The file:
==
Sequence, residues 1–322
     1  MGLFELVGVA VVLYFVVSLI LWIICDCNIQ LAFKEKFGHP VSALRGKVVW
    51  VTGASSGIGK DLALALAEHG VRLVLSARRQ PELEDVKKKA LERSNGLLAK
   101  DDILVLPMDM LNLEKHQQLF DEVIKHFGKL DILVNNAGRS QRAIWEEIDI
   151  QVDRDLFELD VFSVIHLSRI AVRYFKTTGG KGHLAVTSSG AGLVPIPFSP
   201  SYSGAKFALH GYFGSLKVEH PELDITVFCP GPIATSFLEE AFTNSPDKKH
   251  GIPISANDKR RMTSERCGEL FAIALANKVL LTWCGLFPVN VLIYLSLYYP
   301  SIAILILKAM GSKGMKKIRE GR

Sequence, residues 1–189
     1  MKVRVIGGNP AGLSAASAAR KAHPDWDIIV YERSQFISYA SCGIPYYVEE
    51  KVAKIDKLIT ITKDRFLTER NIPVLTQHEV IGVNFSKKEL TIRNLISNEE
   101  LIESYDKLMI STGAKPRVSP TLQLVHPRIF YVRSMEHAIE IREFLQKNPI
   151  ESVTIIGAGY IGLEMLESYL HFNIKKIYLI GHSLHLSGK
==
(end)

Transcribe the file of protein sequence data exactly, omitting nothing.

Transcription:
Sequence, residues 1–322
     1  MGLFELVGVA VVLYFVVSLI LWIICDCNIQ LAFKEKFGHP VSALRGKVVW
    51  VTGASSGIGK DLALALAEHG VRLVLSARRQ PELEDVKKKA LERSNGLLAK
   101  DDILVLPMDM LNLEKHQQLF DEVIKHFGKL DILVNNAGRS QRAIWEEIDI
   151  QVDRDLFELD VFSVIHLSRI AVRYFKTTGG KGHLAVTSSG AGLVPIPFSP
   201  SYSGAKFALH GYFGSLKVEH PELDITVFCP GPIATSFLEE AFTNSPDKKH
   251  GIPISANDKR RMTSERCGEL FAIALANKVL LTWCGLFPVN VLIYLSLYYP
   301  SIAILILKAM GSKGMKKIRE GR

Sequence, residues 1–189
     1  MKVRVIGGNP AGLSAASAAR KAHPDWDIIV YERSQFISYA SCGIPYYVEE
    51  KVAKIDKLIT ITKDRFLTER NIPVLTQHEV IGVNFSKKEL TIRNLISNEE
   101  LIESYDKLMI STGAKPRVSP TLQLVHPRIF YVRSMEHAIE IREFLQKNPI
   151  ESVTIIGAGY IGLEMLESYL HFNIKKIYLI GHSLHLSGK